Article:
You’ve been taking care of your children all day but have forgotten to consider your own needs in the process. You’re worried about a difficult meeting tomorrow or you’ve had to go to the bathroom for the past hour. Only once your children are tucked in bed, do you realise you have a headache because you didn’t drink enough today. On busy days, it can be all too easy to forget your own needs. Sound familiar?
However, it’s important not to forget about yourself. If you take good care of yourself, you’ll be able to take even better care of your children. Just think of the safety instructions in an airplane. You are told to put on the oxygen mask first before helping someone else.
One of the principles of our pedagogical policy is Exercise and balance. This calls to mind your body’s fitness, your physical condition and healthy nutrition. These are certainly important, but we tend to forget the fitness of our mind. When you’re mentally fit, you experience less stress and are able enjoy life’s small pleasures. You are mentally balanced.
In order to stay mentally balanced, it helps to have an optimistic mindset. Don’t make a problem bigger than it is and live consciously in the here and now. Of course, that is easier said than done! How can you be consciously mindful of what you, in this moment, are doing, seeing or feeling?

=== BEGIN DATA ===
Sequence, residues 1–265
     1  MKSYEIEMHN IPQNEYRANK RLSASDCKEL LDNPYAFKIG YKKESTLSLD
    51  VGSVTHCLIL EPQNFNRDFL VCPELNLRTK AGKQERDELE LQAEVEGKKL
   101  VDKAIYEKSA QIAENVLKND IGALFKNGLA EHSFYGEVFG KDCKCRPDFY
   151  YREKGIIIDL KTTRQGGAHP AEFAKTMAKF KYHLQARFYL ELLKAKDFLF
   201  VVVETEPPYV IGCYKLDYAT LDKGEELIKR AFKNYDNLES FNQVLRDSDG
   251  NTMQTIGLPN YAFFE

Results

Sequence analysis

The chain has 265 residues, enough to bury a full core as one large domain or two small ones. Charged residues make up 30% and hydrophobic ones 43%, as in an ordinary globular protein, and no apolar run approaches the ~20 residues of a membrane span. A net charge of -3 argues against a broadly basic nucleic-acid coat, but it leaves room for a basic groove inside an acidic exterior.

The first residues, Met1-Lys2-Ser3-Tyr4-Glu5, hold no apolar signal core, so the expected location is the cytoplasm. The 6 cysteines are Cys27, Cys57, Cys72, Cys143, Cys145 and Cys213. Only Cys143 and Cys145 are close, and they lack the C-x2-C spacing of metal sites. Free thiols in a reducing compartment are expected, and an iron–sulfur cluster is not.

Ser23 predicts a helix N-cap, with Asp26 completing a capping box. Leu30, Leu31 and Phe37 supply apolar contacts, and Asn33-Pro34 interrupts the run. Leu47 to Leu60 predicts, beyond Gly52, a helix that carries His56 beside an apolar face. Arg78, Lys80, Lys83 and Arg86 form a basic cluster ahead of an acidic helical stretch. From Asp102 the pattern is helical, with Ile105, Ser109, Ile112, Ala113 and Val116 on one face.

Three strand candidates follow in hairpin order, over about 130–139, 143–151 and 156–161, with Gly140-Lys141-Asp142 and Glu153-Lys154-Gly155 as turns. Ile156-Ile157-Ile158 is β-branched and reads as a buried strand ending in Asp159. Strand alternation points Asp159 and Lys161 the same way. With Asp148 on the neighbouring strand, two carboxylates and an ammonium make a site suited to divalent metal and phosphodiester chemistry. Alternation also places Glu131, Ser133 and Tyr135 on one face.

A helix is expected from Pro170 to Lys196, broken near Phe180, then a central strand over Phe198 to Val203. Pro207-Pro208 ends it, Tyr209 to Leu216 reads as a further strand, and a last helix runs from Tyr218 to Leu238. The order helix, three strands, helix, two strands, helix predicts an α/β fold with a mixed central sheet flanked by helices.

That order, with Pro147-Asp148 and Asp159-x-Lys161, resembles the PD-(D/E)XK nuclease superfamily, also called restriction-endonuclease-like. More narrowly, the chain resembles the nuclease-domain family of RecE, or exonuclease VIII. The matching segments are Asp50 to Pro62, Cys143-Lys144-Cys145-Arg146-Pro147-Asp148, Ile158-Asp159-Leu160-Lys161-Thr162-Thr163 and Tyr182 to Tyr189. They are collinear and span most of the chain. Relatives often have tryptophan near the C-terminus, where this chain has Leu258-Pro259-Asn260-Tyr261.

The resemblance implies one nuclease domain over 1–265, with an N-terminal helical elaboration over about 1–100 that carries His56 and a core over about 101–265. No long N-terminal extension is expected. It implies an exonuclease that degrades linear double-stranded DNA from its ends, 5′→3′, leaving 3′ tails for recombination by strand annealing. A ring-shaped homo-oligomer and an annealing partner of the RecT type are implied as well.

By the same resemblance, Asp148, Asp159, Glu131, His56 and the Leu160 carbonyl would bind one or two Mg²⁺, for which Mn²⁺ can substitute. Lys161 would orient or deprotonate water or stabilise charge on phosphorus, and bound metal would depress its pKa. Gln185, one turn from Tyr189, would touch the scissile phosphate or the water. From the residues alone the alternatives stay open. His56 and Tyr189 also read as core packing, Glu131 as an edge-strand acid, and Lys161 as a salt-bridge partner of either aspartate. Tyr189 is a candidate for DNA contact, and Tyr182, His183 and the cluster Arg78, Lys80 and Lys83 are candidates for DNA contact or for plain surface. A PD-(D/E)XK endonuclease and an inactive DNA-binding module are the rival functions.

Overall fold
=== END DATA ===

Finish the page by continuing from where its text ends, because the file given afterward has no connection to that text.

A simple mindfulness exercise is ‘start stopping’. Every time you are about to start a new activity, take the time to pause entirely.
By pausing briefly, you can start the next activity fully aware.
This is a practical and short exercise that I will be practicing this year. So: if you happen to catch me standing still…that means that I am briefly exercising mindfulness of what I need, before continuing onto my next activity.
Would you like to know more about mindful living? The book ‘Mindful Parenting – Finding Space to Be in a World of To Do’ by Susan Bögels is filled with tips and short exercises to work with on own. You will learn to find the balance between a state of being and doing, how to deal with stress, arguments and feelings of guilt and how to see your child’s true nature.